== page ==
Neonicotinoids are systemic insecticides with a structure and mode of action similar to nicotine, a naturally occurring plant alkaloid compound toxic to humans. Contact and oral exposures of neonicotinoids target the acetylcholine receptors (nAChR) on the nerve cells within an insect. Neonicotinoids are used on nearly 140 agricultural crops and have many other uses in garden, turf, residential, and animal use. In the United States, five neonicotinoid insecticide active ingredients: acetamiprid, clothianidin, dinotefuran, imidacloprid, and thiamethoxam are registered for controlling agricultural and urban insect pests. Another neonicotinoid insecticide, thiacloprid registration has been cancelled voluntarily by the registrants and will no longer be available after 2016.
The concern over the use of neonicotinoid insecticides in relation to insect pollinators led the legislature to request that the MDA report on the process and criteria to be used in a review of neonicotinoid use and impact in Minnesota currently and in the future. The Commissioner of Agriculture directed MDA staff on November 5, 2013, to initiate a special review of neonicotinoid insecticides on insect pollinators.
The MDA solicited input from a number of interested stakeholders, including beekeepers, academics, citizens, farmers and their suppliers, and pesticide registrants. In addition, the MDA collaborated with the Department of Natural Resources (DNR), the Minnesota Pollution Control Agency (MPCA), the Minnesota Board of Water and Soil Resources (BWSR) and the University of Minnesota (U of M) to develop a scoping document to be used in conducting the review. The MDA collected and reviewed a significant amount of information and peer-reviewed research related to neonicotinoids and pollinators.
The basic process and criteria that the MDA uses to conduct a variety of pesticide reviews has already been established, and the MDA previously reviewed several neonicotinoid concerns as part of its emerald ash borer insecticide review (including concerns about pollinator exposure). The scoping document identified the underlying criteria to be used in conducting the review. As with previous in-depth special reviews of pesticides, the scope of the neonicotinoid review included an overview of federal and state pesticide programs, roles and responsibilities related to the registration and use of neonicotinoids in Minnesota. The review was carried out using the following six broad criteria:
Neonicotinoids are primarily used for seed treatment. Seed treatment provides efficient and prolonged control of insect pests at low dosages when plants are small and most vulnerable to pests. Farmers also choose neonicotinoids to control piercing and sucking insect pests such as aphids and some difficult-to-control foliage- and root-feeding insects, such as Colorado potato beetles and white grubs. Neonicotinoids show distinct advantages in pest control including efficacy against some boring insects and root-feeding insects, both of which cannot easily be controlled using foliar sprays of non-systemic insecticides.
In Minnesota, there were 510 registered neonicotinoid products in 2015 to control soil or foliar pests. Total sale of neonicotinoid products in Minnesota from 2010 to 2013 was 381,300 pounds. The bulk (>99%) of neonicotinoid products sold from 2010 to 2013 in Minnesota comprised of clothianidin, thiamethoxam, and imidacloprid. In comparison to all chemicals, neonicotinoids accounted for 0.05, 0.12, 0.06, and 0.09% of all chemical products (all chemistries including nonagricultural pesticide products) sold in Minnesota in 2010, 2011, 2012, and 2013, respectively. Because, the state does not have the authority to regulate treated seed, the MDA pesticide sales data does not include pesticide use associated with seeds treated outside of Minnesota’s borders and shipped into the state for planting.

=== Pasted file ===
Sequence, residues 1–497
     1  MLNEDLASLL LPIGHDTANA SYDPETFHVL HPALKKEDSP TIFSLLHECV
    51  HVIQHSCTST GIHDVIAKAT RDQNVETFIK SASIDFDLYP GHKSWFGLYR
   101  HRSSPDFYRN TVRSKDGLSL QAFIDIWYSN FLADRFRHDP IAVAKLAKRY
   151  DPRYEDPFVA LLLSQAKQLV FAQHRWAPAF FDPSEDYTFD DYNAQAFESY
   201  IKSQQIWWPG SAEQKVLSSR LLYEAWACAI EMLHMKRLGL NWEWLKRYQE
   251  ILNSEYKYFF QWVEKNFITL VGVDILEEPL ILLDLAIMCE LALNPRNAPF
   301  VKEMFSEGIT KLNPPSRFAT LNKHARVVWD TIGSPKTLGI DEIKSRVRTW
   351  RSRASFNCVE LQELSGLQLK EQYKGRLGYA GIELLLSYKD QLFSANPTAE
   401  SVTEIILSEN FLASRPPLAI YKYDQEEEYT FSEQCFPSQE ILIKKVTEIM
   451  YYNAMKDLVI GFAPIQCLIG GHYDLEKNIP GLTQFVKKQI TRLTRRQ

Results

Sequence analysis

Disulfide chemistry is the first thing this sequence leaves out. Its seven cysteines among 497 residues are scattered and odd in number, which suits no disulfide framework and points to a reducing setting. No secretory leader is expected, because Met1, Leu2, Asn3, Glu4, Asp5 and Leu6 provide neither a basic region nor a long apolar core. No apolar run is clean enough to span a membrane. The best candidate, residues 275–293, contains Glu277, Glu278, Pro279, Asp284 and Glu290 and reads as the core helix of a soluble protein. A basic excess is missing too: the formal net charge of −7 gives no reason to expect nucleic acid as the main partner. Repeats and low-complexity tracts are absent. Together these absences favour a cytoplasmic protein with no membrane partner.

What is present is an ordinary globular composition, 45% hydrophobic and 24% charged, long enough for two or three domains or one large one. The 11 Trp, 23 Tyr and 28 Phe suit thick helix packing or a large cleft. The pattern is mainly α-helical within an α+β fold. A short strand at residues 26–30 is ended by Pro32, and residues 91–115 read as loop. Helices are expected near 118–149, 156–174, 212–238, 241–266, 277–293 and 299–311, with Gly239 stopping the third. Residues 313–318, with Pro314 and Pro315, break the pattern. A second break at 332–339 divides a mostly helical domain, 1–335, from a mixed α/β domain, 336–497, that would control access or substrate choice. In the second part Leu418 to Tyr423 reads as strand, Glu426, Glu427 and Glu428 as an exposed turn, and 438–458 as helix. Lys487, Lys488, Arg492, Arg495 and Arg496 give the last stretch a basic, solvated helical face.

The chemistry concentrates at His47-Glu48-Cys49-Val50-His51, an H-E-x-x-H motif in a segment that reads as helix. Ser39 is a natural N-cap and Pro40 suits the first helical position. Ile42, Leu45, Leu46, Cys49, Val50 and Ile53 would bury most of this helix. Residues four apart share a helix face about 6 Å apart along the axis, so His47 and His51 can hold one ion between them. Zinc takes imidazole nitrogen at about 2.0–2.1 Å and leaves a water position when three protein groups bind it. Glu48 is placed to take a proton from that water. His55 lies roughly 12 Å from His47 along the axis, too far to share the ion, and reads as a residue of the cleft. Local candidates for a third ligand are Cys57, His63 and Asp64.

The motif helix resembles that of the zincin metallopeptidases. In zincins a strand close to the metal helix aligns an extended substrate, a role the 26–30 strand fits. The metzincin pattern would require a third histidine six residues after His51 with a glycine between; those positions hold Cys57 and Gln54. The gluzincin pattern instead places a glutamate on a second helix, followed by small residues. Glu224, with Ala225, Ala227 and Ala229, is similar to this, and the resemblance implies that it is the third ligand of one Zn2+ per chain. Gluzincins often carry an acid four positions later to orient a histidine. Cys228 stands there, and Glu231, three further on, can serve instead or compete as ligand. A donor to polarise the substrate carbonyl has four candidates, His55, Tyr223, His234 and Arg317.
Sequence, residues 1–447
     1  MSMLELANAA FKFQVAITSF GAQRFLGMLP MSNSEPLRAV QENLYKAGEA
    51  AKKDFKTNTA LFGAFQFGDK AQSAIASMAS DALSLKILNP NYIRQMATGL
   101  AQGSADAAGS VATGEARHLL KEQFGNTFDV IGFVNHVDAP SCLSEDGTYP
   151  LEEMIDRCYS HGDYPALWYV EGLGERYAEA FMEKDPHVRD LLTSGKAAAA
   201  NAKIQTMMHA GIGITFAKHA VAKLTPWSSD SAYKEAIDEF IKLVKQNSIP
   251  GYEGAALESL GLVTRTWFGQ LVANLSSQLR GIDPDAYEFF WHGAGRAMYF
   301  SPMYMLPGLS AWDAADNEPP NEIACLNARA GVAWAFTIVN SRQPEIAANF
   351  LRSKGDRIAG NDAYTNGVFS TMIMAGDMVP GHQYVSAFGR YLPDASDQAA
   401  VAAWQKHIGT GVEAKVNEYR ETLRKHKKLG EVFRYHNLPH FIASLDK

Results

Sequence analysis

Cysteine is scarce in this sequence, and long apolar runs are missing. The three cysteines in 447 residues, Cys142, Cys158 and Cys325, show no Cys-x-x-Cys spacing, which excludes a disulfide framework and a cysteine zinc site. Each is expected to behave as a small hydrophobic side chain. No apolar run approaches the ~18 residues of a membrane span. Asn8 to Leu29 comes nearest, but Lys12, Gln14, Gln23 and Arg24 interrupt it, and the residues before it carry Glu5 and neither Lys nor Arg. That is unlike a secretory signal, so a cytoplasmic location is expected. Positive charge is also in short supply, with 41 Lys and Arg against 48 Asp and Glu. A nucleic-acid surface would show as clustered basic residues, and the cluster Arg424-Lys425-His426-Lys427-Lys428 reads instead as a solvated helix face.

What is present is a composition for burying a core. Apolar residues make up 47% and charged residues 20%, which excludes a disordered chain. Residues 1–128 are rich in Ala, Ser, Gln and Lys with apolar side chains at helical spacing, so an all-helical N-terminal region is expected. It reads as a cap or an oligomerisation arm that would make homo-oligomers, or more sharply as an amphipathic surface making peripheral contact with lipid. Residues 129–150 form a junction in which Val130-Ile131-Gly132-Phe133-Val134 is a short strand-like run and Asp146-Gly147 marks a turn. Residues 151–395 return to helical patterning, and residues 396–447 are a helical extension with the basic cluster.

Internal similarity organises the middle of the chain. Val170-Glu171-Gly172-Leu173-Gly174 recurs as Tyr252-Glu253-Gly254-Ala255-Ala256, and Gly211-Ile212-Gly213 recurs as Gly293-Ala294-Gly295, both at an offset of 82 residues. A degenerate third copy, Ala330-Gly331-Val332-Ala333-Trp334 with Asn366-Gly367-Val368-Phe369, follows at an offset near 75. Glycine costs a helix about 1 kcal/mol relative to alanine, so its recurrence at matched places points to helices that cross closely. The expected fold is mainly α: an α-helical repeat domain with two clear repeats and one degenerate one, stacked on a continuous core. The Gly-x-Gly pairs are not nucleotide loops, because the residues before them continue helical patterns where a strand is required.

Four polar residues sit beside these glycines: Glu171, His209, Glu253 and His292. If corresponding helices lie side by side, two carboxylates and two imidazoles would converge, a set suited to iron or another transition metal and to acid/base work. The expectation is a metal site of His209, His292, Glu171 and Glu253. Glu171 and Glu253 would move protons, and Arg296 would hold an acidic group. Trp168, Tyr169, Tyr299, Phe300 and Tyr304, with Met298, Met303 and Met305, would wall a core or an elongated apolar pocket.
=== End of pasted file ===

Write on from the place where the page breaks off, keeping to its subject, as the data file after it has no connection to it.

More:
No, toxicity of neonicotinoids depends upon several factors including active ingredient, pollinator species, formulation, application site, plant stage, application time, and environmental conditions.
Neonicotinoid concentrations vary in the plants depending upon several factors including active ingredient, plant species, application method, application timing, prevailing weather etc. Lethality of residues depends upon the pollinator species. Residue concentration of a specific active ingredient may be lethal to one species while sub-lethal to others or it may not show any observable effect on other species.
For an insecticide to become lethal to an organism, the organism must be exposed to a sufficient amount of active ingredient for a sufficient period of time. Bees and other insect pollinators can be exposed to insecticides primarily through contaminated plant parts (pollen and nectar) and through unintended, exposure pathways like insecticide drift and abraded seed dust generated during planting. Pollinators may also be exposed to pesticides via plant guttation droplets, contaminated surface water, or soil. However, the extent to which bees may be exposed via direct contact with guttation, surface water, or soil is considered uncertain.
Abraded dust when released into the air during planting, can contain insecticide concentrations toxic to bees. Bees could be directly ‘powdered’ by insecticides if their flight path went through airborne planter dust or if bees visited vegetation on which planting dust has settled during planting of neonicotinoid treated seed. In addition to amount and type of active ingredient applied on seed, concentration of residues in treated seed planting dust may depend upon the type of planter and seed lubricant used, distance from the application site and abiotic factors such as temperature, relative humidity, and wind.
Currently, the MDA does not have the authority to regulate the sale and use of pesticide treated seeds; they are considered to be “Treated Articles” and not pesticides. Treated articles that meet USEPA’s exemption criteria are not subject to USEPA or MDA pesticide regulations.
Yes, several other insecticide active ingredients can be used as an alternative to neonicotinoids. However, several of the alternatives (specifically older chemistries) may be more toxic to bees, mammals, birds, and aquatic organisms than neonicotinoids.